It was something he heard his uncle constantly say, whenever he saw him once or twice annually. As a young boy he looked up to his favourite relative because he would always have an interesting story to say. Rather a bunch of them. He made life seem so spectacular, so adventurous, so….worth living.

But it was only when he grew up and actually got a job supervising the deliveries of a container ship that he finally understood what his uncle meant.

Life at the docks was different. It was simply…more.

 

Also part of Friday Fictioneers.

Also part of Daily Prompt: Fortune

The forgotten mansion

gateway-jhardy

©J Hardy Carroll

It was this time of year a few years ago when the mansion’s garden sprung to life as the flowers and tress bloomed, splashing the entire neighbourhood in colour and granting surrounding residents with a sense of renewed optimism.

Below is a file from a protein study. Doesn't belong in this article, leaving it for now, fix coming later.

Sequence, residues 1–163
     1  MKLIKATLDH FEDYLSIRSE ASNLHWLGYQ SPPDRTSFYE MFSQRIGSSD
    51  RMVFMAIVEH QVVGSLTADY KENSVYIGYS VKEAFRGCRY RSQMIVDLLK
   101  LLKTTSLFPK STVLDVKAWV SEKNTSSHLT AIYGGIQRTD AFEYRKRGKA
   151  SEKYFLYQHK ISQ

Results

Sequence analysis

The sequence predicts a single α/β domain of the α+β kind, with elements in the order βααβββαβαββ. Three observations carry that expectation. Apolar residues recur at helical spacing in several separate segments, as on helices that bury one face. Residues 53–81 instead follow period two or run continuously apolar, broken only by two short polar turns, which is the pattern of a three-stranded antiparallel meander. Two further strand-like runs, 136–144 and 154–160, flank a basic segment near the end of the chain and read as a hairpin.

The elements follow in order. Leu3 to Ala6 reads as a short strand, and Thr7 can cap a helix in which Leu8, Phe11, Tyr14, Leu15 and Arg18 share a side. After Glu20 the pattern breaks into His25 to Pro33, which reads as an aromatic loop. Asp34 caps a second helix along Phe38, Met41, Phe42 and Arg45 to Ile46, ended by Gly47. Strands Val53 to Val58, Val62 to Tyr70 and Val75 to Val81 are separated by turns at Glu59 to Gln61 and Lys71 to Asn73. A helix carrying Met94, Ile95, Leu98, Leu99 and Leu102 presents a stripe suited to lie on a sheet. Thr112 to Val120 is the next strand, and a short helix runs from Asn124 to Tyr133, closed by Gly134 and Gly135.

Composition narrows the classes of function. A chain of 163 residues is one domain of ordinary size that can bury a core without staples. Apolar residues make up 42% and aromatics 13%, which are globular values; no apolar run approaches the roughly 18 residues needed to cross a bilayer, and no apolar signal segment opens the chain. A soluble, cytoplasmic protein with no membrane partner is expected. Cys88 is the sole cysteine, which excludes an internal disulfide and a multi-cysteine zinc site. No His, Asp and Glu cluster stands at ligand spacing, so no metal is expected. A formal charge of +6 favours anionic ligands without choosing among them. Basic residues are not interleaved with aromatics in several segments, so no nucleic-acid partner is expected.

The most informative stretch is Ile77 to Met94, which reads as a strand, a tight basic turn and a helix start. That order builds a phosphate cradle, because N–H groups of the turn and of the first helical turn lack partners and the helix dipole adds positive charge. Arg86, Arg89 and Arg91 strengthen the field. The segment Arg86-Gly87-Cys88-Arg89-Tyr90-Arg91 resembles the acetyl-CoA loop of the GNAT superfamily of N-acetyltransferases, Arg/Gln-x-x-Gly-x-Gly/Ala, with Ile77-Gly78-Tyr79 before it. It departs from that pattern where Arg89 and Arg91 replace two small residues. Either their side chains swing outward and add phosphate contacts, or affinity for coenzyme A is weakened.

The silver gate gleamed in the sunlight, and was almost always open, welcoming guests into this “hint of paradise”.

But then it happened. As if a dark cloud settled over the mansion; everything crumbled. The garden was abandoned in sorrow, and the gate was closed.

The mansion was now left deserted, with only the memory of the life that once was.

 

Also part of Friday Fictioneers

Do something more

lucy-sol

©Lucy Fridkin

“Do something every day that scares you”. Her grandmother’s prompt echoed in her ears every time she felt her heart grow sore with exhaustion. She needed a change. Routine was turning out to be lethal after all.

She woke up determined to take that extra step. So that day she went to the café with a view to the port.

It was cloudy, but ships were sailing.

She had time if she really wanted to do it.

She connected to the Wi-Fi and loaded the website. Tickets were booked in less than a minute.

She would finally go to him.

 

Also part of Friday Fictioneers

The chain-locked door

ceayr-purple-door

©CEayr

They hadn’t walked too far when they reached a purple door. It was too modern to fit in with the rest of the historic edifice they had spent the past two hours exploring.

Why do you think it’s chain-locked?” she asked, curiosity mounting up inside her.

“Who knows, maybe they don’t want nosy-parkers trying to open it,” he replied playfully.